**Authors:** Morgan D. Rosenberg

Presented herein is a proof of Fermat's Last Theorem, which is not only short
(relative to Wiles' 109 page proof), but is also performed using relatively
elementary mathematics. Particularly, the binomial theorem is utilized, which
was known in the time of Fermat (as opposed to the elliptic curves of Wiles'
proof, which belong to modern mathematics). Using the common integer expression
a^{n} + b^{n} = c^{n} for Fermat's Last Theorem, the
substitutions c = b+i and b = a+j are made,
where i and j are integers. Using a Taylor expansion (i.e., in the form of the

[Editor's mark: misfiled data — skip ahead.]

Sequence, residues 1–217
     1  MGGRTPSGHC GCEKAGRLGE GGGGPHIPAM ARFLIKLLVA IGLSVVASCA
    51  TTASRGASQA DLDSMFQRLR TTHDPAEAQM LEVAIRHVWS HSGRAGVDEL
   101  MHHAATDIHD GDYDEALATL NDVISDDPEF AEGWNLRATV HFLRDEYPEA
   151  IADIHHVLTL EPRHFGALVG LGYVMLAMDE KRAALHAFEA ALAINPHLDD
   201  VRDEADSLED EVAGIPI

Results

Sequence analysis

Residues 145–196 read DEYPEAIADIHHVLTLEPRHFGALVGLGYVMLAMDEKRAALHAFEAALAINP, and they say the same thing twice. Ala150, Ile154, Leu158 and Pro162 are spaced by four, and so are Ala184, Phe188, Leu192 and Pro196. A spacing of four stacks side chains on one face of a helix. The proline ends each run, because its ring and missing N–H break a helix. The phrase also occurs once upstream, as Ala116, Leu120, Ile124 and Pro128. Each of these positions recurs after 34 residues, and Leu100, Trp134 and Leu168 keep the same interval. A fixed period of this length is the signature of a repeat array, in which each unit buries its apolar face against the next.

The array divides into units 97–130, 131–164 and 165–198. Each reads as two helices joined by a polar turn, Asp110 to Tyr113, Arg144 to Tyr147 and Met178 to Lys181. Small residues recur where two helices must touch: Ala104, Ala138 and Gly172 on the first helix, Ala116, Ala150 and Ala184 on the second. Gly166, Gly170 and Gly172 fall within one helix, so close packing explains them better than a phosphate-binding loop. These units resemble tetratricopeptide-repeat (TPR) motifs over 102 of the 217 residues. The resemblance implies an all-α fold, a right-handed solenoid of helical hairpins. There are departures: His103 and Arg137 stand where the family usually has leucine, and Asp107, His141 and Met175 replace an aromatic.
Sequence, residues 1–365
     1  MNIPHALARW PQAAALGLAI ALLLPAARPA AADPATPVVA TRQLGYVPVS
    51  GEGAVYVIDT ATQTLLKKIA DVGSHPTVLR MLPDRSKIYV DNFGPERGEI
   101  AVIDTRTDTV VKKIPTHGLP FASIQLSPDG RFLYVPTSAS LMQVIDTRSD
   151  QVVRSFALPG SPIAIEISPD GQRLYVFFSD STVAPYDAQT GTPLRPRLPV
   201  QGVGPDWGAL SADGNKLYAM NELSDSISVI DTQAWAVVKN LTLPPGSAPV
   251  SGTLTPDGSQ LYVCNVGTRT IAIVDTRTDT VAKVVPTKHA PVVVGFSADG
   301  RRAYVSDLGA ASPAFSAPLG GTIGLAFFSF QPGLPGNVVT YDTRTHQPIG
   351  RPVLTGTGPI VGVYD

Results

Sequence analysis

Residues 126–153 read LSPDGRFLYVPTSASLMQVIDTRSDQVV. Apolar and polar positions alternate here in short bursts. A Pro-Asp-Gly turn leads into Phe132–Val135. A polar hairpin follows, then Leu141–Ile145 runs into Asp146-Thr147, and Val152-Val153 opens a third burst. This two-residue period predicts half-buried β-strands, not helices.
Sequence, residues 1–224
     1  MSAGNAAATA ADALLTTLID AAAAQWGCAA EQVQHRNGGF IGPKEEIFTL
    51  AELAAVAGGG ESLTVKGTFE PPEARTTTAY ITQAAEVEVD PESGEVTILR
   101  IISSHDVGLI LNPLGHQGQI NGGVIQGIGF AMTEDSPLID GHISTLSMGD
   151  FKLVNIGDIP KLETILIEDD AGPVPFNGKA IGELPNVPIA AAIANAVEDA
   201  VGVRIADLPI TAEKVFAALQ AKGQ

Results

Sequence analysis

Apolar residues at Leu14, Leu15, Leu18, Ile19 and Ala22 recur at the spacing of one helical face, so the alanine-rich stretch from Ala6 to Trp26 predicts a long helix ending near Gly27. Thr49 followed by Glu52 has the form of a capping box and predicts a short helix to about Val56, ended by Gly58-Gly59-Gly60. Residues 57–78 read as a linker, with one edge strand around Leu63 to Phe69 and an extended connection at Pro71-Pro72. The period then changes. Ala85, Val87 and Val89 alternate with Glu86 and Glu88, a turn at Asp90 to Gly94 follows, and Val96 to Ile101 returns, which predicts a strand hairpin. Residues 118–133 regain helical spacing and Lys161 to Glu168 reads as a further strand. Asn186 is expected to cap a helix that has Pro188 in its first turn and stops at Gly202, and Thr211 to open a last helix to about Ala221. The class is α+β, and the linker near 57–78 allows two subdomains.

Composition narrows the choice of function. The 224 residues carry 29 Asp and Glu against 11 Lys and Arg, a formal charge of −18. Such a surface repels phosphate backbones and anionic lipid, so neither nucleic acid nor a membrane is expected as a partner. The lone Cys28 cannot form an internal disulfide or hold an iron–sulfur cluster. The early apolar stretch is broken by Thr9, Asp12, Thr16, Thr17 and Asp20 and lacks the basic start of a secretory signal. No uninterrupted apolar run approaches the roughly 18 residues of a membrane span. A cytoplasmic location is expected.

binomial theorem), Fermat's Last Theorem reduces to (see paper) and what remains
to be proven, from this equation, is that (see paper) only has rational solutions for
n=1 and n=2. This proof is presented herein, thus proving that
a^{n} + b^{n} = c^{n} only has
integer solutions for a, b and c for integer values of the exponent n=1 or n=2.

**Comments:** 11 pages

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[v1] 8 Aug 2010

[v2] 29 Nov 2011

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